Captaincy General of Chile

Capitanía General de Chile
Spanish colony
1541–1818
Flag
Map of the Captaincy General of Chile in 1796 and claimed territories
CapitalSantiago
LanguagesSpanish, Mapudungun
ReligionRoman Catholicism
GovernmentMonarchy
King
 • 1541–1556Charles I
 • 1808–1813Joseph I
 • 1813–1818Ferdinand VII
Royal Governor
 • 1541–1553Pedro de Valdivia
 • 1815–1817Casimiro Marcó del Pont
Historical eraSpanish Empire
 • Established1541
 • Chilean IndependenceFebruary 12, 1818
CurrencyPeso
Succeeded by
Conservative Republic

The General Captaincy of Chile (Capitanía General de Chile) or Gobernación de Chile, was a territory of the Spanish Empire, from 1541 to 1818. It comprised most of modern-day Chile and southern parts of Argentina. Its capital was Santiago de Chile. In 1818 it declared itself independent, becoming the Republic of Chile. It had a number of Spanish governors over its long history and several kings.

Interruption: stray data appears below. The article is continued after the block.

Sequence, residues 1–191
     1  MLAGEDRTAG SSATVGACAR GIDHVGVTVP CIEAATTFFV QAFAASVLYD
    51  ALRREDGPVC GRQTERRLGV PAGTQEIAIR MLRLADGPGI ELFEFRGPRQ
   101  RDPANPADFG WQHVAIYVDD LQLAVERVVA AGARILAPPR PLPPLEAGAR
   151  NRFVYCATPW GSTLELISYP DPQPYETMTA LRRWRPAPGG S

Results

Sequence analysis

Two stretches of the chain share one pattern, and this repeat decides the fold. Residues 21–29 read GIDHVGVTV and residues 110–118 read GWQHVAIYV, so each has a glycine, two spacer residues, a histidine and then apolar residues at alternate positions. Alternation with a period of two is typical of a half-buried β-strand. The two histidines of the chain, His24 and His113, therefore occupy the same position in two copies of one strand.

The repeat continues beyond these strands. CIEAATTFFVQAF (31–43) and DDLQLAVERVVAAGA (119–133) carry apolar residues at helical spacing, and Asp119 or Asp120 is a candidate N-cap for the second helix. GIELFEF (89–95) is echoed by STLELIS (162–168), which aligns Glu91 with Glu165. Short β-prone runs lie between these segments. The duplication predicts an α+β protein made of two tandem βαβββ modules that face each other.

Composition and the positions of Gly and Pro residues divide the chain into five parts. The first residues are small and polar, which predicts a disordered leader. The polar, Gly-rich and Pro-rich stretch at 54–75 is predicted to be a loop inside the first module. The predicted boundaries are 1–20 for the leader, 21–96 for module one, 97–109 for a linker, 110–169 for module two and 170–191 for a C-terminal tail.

Name

The General Captaincy of Chile was incorporated to the Crown of Castile as were all the other Spanish possessions in the New World. The General Captaincy of Chile was first known as New Extremadura (a name subsequently given to a part of Mexico) and then as Indian Flanders. The Captaincy was a part of the Viceroyalty of Perú.

The administrative apparatus of the General Captaincy of Chile was subordinate to the Council of the Indies and the Laws of the Indies, like the other Spanish colonial possessions. The day-to-day work was handled mostly by viceroys and governors, who represented the king in the overseas territories. The areas of the Americas, which had been the site of complex civilizations or became rich societies were usually referred to by the Spanish as "kingdoms," such as the "New Kingdom of Granada", the "Kingdom of Mexico", or the "Kingdom of Guatemala."

Chile never reached the status of a viceroyalty and was instead classified as a captaincy general because this was a very warlike territory and thus was ruled by a military and not a nobleman like a viceroy.